William Parry Murphy Biography (1892-1987)

physician, pathologist

William Parry Murphy was born 1892 in Wisconsin, to Congregational minister Thomas Francis Murphy and his wife, Rose Anna Parry. He attended public schools in Wisconsin and received his B.A. in 1914 from the University of Oregon. Murphy taught high school math and physics for two years in Oregon before entering the University of Oregon Medical School in Portland, where he also worked in the anatomy department as a laboratory assistant. He later received theWilliam Stanislaus Murphy Fellowship award and entered Harvard Medical Schoolin Boston, from which he graduated in 1922.

In 1925, Murphy began a collaboration with George Richards Minot that would ultimately earn them the Nobel Prize. Minot recruited Murphy to join his study, in which pernicious anemia patients were fed one-quarter to one-half poundof liver daily. Reputed for his diligence and dedication, Murphy assumed thepainstaking, time-consuming responsibility of counting the microscopic reticulocytes (red blood cells) in the blood samples of pernicious anemia patientsbefore and during the liver diet. The dramatic increase in reticulocytes in the samples following the patient's consumption of liver clearly identified the critical connection between liver ingestion and the production of mature red blood cells.

The liver diet therapy for pernicious anemia presented certain problems. Patients found it difficult to ingest such large quantities of liver every day. Also troublesome was the question of how to feed it to patients so ill they could no longer eat. Following a suggestion from one of his patients, Murphy partially solved the problem by feeding patients liquefied liver through stomach tubes. Murphy, however, was not satisfied. He and Minot enlisted the expertise of Edwin J. Cohn, a physical chemistry professor at Harvard Medical School. Cohn chemically reduced large amounts of liver to a concentrated extract fifty to one hundred times more potent than the liver itself. Ingestion of three vials a day of this extract, which cost $17.00 a month, proved just as effective as the cheaper but less palatable liver diet, which cost approximately$5.50 a month. Murphy felt the cost of the extract was prohibitive for manypeople and continued to search for a less expensive method of administering it. He sought the help of Guy W. Clark of the Lederle Laboratories; soon theydeveloped an extremely concentrated extract. Injected into the muscle only once a month, the extract provided the same therapeutic effect as the liver diet or the oral extract. The monthly cost of this injection was $1.20.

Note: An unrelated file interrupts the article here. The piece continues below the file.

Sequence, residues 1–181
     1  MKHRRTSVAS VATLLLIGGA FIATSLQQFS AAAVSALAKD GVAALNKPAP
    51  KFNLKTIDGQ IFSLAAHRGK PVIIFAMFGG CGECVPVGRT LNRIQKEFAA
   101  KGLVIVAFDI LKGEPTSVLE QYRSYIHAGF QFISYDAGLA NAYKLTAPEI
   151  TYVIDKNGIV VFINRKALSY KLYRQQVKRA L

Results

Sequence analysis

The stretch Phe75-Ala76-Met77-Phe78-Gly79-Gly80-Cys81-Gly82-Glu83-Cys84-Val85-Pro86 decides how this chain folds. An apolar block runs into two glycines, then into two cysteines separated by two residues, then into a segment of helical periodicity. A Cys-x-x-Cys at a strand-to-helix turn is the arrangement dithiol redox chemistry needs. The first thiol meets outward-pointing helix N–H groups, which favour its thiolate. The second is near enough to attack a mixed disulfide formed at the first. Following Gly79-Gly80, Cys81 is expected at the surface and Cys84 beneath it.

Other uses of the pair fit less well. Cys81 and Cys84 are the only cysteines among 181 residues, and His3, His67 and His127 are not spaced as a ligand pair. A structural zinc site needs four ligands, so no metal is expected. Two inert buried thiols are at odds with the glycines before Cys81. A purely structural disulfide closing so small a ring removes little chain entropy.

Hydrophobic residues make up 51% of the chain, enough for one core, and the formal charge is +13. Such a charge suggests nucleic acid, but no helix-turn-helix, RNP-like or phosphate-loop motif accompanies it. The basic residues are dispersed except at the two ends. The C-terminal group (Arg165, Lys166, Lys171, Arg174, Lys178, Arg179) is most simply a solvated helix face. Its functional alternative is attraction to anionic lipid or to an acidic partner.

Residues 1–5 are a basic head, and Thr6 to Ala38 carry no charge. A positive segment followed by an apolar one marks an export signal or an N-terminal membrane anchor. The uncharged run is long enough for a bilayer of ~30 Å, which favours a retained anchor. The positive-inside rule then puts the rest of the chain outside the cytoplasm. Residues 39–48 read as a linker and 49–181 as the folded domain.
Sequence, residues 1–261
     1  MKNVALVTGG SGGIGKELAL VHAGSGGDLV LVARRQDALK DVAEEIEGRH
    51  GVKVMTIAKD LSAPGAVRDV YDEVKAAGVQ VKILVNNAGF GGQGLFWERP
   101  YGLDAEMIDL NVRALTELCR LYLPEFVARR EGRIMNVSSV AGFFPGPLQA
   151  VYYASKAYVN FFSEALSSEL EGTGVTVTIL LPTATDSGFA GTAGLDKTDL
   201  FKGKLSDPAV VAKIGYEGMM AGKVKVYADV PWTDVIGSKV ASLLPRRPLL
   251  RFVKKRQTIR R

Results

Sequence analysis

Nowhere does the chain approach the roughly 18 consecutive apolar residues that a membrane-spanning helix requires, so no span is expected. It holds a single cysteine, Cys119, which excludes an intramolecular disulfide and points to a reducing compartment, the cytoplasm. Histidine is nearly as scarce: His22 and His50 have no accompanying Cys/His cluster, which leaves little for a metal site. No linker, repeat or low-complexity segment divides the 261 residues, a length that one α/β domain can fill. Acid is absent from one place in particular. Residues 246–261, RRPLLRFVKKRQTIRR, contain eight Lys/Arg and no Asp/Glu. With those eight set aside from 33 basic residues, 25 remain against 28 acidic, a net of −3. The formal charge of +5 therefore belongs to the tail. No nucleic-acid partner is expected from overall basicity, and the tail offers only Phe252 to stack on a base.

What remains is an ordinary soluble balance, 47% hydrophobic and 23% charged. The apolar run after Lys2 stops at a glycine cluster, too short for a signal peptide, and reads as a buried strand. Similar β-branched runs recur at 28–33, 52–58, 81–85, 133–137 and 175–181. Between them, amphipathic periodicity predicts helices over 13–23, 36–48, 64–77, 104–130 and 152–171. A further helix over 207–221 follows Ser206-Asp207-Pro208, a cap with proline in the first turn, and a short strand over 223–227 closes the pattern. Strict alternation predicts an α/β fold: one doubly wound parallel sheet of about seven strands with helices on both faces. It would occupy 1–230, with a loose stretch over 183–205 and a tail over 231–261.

Medical professionals, however, were skeptical of the results of the carefully documented study, which Murphy and Minot presented in 1926, because the treatment seemed too simple. Pernicious anemia had been thought to be caused bysome type of poison, and patients were treated with arsenic, blood transfusions, or surgery, all to no avail. Worldwide treatment by the liver diet soon convinced the skeptics. Murphy's work was advanced by Harvard physician William Castle, who, in 1948, isolated the active ingredient in liver which promoted the development of fully mature red blood cells in patients suffering frompernicious anemia. That factor, named cyanocobalamin for its high concentration of cobalt, is commonly called Vitamin B12, which is now used universally via intramuscular injection for the lifesaving treatment of pernicious anemia.

In addition to working with Minot on the liver diet study, Murphy became Minot's partner in private practice in Boston. In 1924, he was appointed assistant in medicine at Harvard Medical School, promoted to associate in medicine atthe Brigham Hospital in 1935, and became a senior associate in medicine andconsultant in hematology there. He married Pearl Harriet Adams in 1919; theyhad a son and a daughter. Murphy's honors include the Cameron Prize and Lectureship of the University of Edinburgh, the Bronze Medal of the American Medical Association, and the Gold Medal of the Massachusetts Humane Society. He died in 1987, in Massachusetts.

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